Dangers of concussions can't be ignored in youth and college spo - wistv.com - Columbia, South Carolina

Dangers of concussions can't be ignored in youth and college sports


Before you know it, it will be here. A time of year that could also mean more patients for Dr. Matthew Pollack at USC Sports Medicine.

"Essentially, a concussion is any type of trauma to the brain," Pollack said. "Probably the easiest way to describe it is that it's almost like a bruise to the brain. It's a little different than an actual bruise. It's really more at a microscopic level."

Concussions in sports has become a hot topic across the country.

And Pollack said doctors still don't know everything about them.

"A lot of people end up having scans done for various injuries: X-rays, M.R.I.'s, and CT scans," Pollack said. "We use those with head injuries, but unfortunately, concussions are something we really can't see on the scan."

Pollack said concussions occur in athletes young and old but symptoms often last longer in younger people. And he said they can occur in a number of ways.

"Everybody gets excited about people getting head-to-head injuries, but even quick start and stops, the brain is almost kind of sitting in a fish bowl surrounded by water, so even just start and stops can cause the brain to slosh around and bang up against the skull," Pollack said.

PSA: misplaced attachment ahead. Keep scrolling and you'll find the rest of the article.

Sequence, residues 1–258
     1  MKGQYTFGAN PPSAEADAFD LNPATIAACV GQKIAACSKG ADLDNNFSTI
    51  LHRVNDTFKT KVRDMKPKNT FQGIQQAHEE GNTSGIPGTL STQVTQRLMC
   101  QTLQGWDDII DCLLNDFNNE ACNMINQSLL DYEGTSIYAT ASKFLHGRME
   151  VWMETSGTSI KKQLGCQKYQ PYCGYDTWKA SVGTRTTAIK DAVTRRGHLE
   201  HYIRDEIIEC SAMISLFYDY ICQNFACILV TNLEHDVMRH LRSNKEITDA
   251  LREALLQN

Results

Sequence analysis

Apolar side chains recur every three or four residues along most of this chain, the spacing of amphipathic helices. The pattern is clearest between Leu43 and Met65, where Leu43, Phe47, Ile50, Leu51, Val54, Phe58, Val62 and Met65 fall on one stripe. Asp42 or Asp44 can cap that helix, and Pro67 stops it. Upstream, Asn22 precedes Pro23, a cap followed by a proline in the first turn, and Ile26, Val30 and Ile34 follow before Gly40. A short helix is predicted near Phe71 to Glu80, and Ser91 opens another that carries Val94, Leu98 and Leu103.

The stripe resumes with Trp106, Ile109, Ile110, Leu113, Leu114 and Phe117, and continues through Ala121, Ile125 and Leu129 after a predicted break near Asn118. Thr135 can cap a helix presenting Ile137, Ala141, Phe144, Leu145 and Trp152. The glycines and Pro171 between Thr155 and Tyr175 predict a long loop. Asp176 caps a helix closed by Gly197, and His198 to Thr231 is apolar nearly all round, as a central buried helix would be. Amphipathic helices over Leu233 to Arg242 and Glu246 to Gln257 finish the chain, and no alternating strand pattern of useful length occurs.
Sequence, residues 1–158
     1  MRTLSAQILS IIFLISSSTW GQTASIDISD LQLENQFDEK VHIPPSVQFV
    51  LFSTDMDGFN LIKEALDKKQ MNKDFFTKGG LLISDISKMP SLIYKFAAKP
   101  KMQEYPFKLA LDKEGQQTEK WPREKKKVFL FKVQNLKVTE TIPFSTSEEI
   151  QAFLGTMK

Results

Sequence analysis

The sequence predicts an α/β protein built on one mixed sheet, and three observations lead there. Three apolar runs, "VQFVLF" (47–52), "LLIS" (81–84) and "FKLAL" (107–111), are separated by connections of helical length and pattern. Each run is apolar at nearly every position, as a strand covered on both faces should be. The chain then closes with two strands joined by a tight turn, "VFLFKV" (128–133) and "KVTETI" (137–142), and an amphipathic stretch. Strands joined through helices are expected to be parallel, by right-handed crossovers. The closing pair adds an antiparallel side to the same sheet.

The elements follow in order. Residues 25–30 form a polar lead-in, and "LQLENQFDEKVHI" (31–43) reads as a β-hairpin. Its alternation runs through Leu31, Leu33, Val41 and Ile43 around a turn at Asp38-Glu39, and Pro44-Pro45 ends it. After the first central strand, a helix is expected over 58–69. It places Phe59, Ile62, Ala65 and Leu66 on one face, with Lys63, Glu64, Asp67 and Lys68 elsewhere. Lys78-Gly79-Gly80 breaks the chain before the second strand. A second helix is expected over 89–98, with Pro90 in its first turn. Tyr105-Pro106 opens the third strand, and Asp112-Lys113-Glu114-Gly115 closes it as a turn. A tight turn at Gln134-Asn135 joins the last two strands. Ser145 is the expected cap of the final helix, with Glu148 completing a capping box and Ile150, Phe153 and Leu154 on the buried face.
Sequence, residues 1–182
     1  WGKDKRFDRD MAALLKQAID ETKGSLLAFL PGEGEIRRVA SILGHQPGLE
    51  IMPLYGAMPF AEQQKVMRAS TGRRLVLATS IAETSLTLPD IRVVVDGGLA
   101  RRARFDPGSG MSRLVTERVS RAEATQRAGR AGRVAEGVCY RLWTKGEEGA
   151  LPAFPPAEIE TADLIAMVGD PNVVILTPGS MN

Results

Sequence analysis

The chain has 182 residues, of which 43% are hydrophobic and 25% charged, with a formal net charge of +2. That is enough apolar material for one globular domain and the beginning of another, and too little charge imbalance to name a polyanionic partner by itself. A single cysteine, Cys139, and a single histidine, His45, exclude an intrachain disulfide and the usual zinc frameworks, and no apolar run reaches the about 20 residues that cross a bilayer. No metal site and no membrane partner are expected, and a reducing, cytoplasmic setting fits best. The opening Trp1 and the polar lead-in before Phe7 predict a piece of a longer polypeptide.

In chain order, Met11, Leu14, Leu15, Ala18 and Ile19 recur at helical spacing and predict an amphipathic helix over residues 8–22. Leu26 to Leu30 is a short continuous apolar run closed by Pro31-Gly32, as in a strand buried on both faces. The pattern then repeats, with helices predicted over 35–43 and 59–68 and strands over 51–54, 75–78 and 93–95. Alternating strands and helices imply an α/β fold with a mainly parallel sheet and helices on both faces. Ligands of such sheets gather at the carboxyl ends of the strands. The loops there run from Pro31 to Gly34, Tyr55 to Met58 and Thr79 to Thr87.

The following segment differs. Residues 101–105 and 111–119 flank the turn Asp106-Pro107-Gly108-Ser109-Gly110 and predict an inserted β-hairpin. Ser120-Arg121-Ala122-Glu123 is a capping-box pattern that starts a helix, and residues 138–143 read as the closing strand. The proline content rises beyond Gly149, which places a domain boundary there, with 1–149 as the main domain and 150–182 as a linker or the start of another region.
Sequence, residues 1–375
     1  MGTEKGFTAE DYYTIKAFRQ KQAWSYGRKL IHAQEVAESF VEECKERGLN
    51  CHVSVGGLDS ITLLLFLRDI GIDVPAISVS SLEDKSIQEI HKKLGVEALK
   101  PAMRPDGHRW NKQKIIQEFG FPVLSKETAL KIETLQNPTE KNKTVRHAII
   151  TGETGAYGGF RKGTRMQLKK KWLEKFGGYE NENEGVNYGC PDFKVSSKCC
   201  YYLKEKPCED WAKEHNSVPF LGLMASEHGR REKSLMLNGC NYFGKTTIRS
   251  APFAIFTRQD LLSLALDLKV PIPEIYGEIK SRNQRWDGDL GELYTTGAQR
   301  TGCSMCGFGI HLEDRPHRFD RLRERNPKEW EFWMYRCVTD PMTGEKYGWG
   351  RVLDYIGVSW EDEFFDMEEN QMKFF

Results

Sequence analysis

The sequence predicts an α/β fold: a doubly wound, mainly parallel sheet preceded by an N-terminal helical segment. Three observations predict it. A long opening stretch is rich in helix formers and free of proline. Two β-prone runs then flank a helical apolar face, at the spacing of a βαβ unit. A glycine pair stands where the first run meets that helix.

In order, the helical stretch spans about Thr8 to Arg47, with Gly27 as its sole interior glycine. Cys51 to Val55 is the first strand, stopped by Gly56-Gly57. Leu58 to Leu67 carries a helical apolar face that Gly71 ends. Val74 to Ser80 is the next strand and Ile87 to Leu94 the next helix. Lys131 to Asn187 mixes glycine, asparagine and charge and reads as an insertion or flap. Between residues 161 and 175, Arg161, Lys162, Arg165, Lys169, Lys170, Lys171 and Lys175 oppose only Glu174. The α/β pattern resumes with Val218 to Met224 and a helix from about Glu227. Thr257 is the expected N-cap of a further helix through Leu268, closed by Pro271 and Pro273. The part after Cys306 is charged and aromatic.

Symptoms of a concussion include headaches, dizziness, and loss of consciousness.

But there are more subtle symptoms like changes in vision, changes in personality, nausea, confusion, and slurred speech.

Pollack said despite stricter guidelines and rules, concussions will happen.

He said the important thing is quickly recognizing concussions and quickly treating them.

"It really boils down to the kids being honest about how they're feeling," Pollack said. "So, concussions are certainly a serious thing. It's something that when we can identify them early, we can get better outcomes."

USC Sports Medicine said the best treatment to a concussion is physical and mental rest.

Of course, there's growing concern about the long-term effects of repeated concussions.

Pollack said doctors believe they might lead to dementia, ongoing headaches, and depression down the road.

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